"Treasure Island," an adventure novel by Robert Louis Stevenson, supplies everything desired of a pirate story: treasure maps, booty, and of course, bad guys (etext found
here). Learn this word list that focuses on the geography of Treasure Island.
any spatial attributes (especially as defined by outline)
All were strangely shaped, and the Spy-glass, which was by three or four hundred feet the tallest on the island, was likewise the strangest in
configuration, running up sheer from almost every side and then suddenly cut off at the top like a pedestal to put a statue on.
I had now come out upon the skirts of an open piece of
undulating, sandy country, about a mile long, dotted with a few pines and a great number of contorted trees, not unlike the oak in growth, but pale in the foliage, like willows.
low-lying wet land with grassy vegetation; usually is a transition zone between land and water
The thicket stretched down from the top of one of the sandy knolls, spreading and growing taller as it went, until it reached the margin of the broad, reedy
fen, through which the nearest of the little rivers soaked its way into the anchorage.
and long after that death yell was still ringing in my brain, silence had re-established its empire, and only the rustle of the redescending birds and the boom of the distant surges disturbed the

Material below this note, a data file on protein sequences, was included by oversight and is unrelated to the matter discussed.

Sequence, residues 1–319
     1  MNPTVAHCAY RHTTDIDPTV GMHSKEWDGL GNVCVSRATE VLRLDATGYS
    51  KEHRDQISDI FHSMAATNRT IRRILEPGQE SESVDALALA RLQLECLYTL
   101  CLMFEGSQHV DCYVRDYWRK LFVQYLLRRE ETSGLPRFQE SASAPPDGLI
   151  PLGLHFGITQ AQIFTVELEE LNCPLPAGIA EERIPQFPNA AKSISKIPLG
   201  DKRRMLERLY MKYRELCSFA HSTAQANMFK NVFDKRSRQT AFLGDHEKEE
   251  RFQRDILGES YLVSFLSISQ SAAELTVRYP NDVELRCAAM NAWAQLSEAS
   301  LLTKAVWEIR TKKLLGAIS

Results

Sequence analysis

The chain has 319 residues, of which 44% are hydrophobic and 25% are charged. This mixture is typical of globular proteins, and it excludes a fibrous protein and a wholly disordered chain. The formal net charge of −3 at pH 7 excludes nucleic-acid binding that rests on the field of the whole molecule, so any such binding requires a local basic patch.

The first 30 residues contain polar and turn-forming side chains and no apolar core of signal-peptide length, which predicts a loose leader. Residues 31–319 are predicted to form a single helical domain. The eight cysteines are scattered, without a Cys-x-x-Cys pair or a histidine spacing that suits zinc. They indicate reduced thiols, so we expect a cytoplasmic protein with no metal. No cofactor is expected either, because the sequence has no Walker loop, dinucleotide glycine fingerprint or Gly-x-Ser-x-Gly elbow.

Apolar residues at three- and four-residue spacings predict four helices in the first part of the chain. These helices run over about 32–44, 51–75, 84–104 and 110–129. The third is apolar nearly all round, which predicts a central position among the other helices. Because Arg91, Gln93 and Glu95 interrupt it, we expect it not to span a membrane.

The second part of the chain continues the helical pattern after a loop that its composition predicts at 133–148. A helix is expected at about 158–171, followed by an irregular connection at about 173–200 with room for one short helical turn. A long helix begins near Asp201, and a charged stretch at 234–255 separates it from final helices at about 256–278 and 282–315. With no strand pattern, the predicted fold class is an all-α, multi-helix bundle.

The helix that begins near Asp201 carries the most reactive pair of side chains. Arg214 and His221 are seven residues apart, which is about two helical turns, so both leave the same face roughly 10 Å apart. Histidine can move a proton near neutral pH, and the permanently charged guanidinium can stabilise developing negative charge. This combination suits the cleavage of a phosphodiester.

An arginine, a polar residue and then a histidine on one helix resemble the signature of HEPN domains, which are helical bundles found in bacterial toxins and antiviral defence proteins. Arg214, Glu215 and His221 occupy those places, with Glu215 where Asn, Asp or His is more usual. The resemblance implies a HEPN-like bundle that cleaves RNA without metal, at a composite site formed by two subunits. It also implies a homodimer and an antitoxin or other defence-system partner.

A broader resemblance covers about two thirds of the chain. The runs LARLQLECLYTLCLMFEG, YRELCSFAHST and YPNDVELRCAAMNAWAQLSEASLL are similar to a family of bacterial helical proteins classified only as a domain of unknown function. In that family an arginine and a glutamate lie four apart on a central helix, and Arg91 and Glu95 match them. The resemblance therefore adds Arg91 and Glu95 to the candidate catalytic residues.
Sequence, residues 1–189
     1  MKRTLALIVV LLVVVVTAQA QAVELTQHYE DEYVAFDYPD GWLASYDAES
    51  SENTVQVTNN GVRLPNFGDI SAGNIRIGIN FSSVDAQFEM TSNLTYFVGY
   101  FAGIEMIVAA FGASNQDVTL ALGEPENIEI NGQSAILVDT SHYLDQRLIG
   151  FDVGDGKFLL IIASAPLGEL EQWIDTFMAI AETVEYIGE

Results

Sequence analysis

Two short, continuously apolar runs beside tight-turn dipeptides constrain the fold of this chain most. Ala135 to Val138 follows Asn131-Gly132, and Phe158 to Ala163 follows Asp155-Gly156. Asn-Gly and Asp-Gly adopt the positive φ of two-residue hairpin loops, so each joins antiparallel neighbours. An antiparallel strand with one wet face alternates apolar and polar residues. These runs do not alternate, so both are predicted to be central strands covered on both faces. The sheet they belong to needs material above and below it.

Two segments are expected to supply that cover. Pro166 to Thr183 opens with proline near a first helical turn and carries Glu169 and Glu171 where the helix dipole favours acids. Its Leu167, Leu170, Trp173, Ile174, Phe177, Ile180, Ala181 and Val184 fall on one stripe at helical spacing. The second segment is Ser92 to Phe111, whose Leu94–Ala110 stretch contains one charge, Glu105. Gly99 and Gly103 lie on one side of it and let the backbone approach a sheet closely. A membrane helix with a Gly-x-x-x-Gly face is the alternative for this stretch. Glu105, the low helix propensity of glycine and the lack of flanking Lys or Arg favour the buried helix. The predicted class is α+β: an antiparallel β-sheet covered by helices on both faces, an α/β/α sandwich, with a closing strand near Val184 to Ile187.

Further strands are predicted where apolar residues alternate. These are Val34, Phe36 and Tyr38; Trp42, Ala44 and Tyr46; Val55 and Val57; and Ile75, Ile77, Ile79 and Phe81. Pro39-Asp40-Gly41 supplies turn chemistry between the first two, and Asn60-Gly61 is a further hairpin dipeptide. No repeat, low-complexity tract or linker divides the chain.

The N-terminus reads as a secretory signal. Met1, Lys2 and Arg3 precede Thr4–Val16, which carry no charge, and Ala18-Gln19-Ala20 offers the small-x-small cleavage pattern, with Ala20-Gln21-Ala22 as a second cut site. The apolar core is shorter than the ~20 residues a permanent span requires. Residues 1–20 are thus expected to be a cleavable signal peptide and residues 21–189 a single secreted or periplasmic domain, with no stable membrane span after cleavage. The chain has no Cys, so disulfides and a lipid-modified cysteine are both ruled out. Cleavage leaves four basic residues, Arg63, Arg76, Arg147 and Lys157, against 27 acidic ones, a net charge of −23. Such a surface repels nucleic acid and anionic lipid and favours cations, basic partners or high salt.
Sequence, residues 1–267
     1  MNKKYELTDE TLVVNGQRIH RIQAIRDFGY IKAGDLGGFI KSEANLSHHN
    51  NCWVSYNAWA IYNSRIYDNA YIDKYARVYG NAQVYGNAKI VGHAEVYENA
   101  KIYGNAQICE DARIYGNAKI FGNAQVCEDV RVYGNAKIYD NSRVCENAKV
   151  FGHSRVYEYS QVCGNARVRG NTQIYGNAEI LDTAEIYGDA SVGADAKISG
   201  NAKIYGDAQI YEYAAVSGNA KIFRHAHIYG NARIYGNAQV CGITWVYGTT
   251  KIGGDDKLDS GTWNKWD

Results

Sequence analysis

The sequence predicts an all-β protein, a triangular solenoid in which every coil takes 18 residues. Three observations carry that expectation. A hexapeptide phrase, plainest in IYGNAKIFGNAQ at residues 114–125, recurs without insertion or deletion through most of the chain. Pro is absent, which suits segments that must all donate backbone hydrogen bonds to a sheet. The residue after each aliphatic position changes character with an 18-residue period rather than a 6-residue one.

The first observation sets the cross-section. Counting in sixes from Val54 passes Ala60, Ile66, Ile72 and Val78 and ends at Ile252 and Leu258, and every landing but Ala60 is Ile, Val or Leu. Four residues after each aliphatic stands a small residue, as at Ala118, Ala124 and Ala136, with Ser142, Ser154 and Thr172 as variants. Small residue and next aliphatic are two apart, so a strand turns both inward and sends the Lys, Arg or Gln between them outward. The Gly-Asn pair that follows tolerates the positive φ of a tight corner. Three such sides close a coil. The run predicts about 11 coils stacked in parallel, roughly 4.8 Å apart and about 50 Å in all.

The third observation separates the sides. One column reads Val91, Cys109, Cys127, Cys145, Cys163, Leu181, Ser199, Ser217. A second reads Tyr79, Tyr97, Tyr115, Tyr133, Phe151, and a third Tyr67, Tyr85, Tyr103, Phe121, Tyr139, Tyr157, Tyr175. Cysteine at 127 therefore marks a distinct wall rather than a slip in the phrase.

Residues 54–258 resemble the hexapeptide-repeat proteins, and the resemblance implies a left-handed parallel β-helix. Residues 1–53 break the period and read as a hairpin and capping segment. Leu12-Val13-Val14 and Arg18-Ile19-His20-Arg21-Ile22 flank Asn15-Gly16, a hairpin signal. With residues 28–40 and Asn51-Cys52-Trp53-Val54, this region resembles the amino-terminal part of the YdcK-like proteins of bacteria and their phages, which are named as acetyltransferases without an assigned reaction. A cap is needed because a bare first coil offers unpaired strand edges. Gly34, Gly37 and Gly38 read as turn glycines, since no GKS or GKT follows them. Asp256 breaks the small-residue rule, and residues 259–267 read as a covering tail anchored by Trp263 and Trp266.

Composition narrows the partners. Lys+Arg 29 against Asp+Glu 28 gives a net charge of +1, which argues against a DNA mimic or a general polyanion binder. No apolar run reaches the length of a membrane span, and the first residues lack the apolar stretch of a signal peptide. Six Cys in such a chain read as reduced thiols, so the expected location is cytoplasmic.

languor of the afternoon.
Everything else was unchanged, the sun still shining mercilessly on the steaming marsh and the tall
pinnacle of the mountain, and I could scarce persuade myself that murder had been actually done and a human life cruelly cut short a moment since before my eyes.
Additional definitions of "desolate" as an adjective are "reduced in population; deserted" and "crushed by grief"--the first would be fitting descriptions of the island, and the second would be a fitting description of someone who had been marooned on the island. As a verb, "desolate" means "leave someone who needs or counts on you"--this would not be a fitting description of the island, but it could describe the action of angry shipmates.
I had heard the word, and I knew it stood for a horrible kind of punishment common enough among the buccaneers, in which the offender is put ashore with a little powder and shot and left behind on some
desolate and distant island.